Types of Wells

Different types of constructed wells

People dig wells to serve as an independent water supply system. These days before a well is dug, a survey is carried out on the site to determine the amount of water beneath the ground, its location, and yielding capacity. This will determine the type of well to be dug.

Types of wells

Generally wells can be categorized into 2 types;

Deep well and shallow well.

Deep well.

From an economical point of view,A well is considered deep when the length of the well is over 25ft or 7.62m deep. What causes the digging or boring of a deep well is as a result of the water table being too far from the top soil. Another reason for a deep well is if although, the water table is not far from the top soil, the soil beneath the water table doesn’t yield water, then the well has to be dug further down to locate the water yielding soil. Types of soil that hold and yield water are those of sand or rock formations. A type of soil that holds water but doesn’t yield it is a soil that consists mostly of shale.

 Another definition of deep well is a well that extends several meters below the water table. Meaning that its source of water is not from the water table but from other water bearing stratum beneath the water table. 

A deep well can extend up to 300m.

Shallow well

A well is considered shallow if the length is less than 25ft from the surface. This is because the water table is not too far from the surface and the soil directly under the water table yields water. 

Shallow wells are also referred to as water table wells. Meaning, the source of water for these types of well is the water table. It also implies that if the water table is further down the earth ( over 25ft), the shallow well extends about the same length or more. Based on the location of water table, shallow wells can be over 35m in extreme cases.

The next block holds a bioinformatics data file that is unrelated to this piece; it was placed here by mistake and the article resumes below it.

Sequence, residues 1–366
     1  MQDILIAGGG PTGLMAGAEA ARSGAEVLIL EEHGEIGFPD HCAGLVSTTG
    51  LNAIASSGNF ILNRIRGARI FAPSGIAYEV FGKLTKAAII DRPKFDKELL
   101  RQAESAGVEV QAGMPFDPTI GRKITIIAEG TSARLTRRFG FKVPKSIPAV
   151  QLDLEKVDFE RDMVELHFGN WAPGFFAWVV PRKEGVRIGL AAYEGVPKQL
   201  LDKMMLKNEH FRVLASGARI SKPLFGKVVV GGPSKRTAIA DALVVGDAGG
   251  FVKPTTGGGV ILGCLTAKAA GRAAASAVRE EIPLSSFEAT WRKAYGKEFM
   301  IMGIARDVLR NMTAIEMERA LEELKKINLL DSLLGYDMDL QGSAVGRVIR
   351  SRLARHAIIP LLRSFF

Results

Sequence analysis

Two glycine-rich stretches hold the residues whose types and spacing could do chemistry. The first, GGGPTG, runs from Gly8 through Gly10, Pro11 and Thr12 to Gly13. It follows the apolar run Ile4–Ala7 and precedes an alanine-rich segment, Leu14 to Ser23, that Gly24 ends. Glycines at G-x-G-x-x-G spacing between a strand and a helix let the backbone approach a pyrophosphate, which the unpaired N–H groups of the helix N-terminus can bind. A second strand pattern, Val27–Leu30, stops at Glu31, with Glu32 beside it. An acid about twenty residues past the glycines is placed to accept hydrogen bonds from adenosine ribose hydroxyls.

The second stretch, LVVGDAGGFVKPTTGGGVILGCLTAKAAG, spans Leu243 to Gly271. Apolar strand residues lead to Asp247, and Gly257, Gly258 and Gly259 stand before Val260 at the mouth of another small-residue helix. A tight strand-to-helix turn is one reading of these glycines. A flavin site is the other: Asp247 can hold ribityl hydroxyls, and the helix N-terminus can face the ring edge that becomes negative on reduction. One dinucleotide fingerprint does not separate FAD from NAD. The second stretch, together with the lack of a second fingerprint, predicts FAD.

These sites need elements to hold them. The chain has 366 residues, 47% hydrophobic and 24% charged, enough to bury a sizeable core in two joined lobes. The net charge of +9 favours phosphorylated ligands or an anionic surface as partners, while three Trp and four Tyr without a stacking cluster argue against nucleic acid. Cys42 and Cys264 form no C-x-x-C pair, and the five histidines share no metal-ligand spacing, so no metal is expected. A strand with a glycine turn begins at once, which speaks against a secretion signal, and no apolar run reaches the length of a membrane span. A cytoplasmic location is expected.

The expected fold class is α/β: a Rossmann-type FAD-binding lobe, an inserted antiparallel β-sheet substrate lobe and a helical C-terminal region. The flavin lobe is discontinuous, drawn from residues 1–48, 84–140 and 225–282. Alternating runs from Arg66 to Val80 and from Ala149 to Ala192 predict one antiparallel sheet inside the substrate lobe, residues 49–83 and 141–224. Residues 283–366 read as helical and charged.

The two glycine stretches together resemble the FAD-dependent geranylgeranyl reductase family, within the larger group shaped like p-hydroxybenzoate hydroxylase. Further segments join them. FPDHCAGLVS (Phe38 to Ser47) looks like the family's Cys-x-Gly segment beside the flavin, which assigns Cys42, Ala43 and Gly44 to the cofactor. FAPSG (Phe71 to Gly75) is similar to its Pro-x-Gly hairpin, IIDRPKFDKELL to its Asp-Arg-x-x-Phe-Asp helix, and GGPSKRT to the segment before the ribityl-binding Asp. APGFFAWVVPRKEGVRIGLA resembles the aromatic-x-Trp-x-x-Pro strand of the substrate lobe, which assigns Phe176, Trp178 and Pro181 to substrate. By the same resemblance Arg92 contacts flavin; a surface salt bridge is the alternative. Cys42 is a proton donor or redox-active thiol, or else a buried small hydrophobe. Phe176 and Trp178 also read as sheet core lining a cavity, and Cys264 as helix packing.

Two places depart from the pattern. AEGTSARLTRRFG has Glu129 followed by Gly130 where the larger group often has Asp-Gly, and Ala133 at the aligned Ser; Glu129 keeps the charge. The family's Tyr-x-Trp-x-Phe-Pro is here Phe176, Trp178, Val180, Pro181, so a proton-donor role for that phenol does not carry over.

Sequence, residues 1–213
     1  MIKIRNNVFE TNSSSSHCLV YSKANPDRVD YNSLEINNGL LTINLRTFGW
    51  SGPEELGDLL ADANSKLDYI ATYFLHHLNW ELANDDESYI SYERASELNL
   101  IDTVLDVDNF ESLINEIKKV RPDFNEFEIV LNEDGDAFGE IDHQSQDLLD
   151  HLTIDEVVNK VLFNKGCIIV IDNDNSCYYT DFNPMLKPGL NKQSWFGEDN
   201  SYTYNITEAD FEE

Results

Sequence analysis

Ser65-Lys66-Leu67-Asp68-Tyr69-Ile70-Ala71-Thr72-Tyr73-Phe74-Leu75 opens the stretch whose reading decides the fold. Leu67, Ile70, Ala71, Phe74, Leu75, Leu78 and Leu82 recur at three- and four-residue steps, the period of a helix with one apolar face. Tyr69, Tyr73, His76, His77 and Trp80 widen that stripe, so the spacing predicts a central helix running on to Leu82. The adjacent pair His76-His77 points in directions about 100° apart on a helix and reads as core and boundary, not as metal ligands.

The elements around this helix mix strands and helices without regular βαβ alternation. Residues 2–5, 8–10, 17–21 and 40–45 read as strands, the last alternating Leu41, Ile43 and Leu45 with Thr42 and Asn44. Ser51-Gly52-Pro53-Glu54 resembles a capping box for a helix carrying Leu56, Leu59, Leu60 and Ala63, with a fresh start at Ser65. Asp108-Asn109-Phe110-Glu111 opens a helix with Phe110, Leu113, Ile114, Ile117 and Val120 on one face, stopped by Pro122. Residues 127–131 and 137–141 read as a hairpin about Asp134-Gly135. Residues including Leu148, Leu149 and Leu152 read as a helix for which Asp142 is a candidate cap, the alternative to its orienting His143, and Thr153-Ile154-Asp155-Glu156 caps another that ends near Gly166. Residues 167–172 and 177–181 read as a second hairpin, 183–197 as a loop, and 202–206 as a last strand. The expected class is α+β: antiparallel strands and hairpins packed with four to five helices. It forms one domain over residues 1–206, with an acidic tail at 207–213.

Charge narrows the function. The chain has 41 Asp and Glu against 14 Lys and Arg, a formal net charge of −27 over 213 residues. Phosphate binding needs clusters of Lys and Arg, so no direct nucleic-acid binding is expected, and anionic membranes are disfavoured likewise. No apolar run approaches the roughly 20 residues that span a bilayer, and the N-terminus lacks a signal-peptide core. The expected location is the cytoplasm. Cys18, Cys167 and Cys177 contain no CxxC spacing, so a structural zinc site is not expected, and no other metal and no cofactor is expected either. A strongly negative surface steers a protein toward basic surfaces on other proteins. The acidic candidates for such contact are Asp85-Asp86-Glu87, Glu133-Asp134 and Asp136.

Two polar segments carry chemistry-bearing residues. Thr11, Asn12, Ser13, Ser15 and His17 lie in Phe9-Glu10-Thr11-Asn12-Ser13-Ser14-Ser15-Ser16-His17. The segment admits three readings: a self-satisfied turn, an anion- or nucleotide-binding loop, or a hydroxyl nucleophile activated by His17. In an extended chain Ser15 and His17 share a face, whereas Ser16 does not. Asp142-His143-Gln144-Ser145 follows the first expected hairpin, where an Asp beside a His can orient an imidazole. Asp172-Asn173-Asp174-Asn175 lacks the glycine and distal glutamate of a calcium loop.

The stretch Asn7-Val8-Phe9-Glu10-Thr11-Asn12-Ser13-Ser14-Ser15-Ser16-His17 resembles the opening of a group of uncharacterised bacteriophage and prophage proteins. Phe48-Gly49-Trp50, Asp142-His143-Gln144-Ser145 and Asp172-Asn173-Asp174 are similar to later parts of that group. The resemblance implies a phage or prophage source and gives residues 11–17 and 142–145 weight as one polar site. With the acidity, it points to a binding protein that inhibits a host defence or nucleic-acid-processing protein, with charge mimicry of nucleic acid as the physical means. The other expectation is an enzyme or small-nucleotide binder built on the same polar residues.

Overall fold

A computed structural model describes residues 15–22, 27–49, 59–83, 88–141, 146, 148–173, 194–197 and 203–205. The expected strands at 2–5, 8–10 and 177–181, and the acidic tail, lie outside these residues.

Types of constructed wells

Generally they are of 3 types;

Dug well.

Driven well.

Bored well.

Hand Dug well.

A dug well is done using hand tools. A pick and shovel to dig the shaft, and a bucket and rope to lift out soil. This type of well cannot be dug a few feet below the water table. If the water table is very far from the surface  ( over  10m deep),then a hand dug well may not be economically and practically viable.  Most hand dug wells for private dwellings are less than 10m deep. Hand Dug wells are always shallow wells and they are the least costly.

Driven well

A driven well consists of pipes driven into the ground. The drive point is usually twisted into the ground by hand or powered auger. This type of well is suitable for Sandy soils and cannot be dug through rock formations. The well can be driven up to 100m. It can be shallow or deep,depending on the nature of the soil and water yielding characteristics.

Bored or drilled well

This type of well is also called bore hole. It also consists of pipes much larger than that used in a driven well, bored into the ground using a heavy drilling machine. Bore holes can reach depths of up to 300m and can be drilled through rocky formations. Boreholes can either be shallow or deep, depending on depth of water table and water yielding characteristics of the soil. It is the most expensive of the types mentioned in this article.

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